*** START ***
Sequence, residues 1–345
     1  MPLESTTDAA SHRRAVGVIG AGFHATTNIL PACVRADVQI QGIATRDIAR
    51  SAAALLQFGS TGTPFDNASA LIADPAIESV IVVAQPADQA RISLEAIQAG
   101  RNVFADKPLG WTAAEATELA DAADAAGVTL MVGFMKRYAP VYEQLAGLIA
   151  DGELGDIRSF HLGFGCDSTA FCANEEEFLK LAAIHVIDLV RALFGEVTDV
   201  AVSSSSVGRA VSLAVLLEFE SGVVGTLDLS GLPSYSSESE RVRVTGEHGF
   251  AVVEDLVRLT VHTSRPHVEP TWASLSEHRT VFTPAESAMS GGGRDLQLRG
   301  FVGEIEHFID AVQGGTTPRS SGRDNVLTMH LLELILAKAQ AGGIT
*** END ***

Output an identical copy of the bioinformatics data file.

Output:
Sequence, residues 1–345
     1  MPLESTTDAA SHRRAVGVIG AGFHATTNIL PACVRADVQI QGIATRDIAR
    51  SAAALLQFGS TGTPFDNASA LIADPAIESV IVVAQPADQA RISLEAIQAG
   101  RNVFADKPLG WTAAEATELA DAADAAGVTL MVGFMKRYAP VYEQLAGLIA
   151  DGELGDIRSF HLGFGCDSTA FCANEEEFLK LAAIHVIDLV RALFGEVTDV
   201  AVSSSSVGRA VSLAVLLEFE SGVVGTLDLS GLPSYSSESE RVRVTGEHGF
   251  AVVEDLVRLT VHTSRPHVEP TWASLSEHRT VFTPAESAMS GGGRDLQLRG
   301  FVGEIEHFID AVQGGTTPRS SGRDNVLTMH LLELILAKAQ AGGIT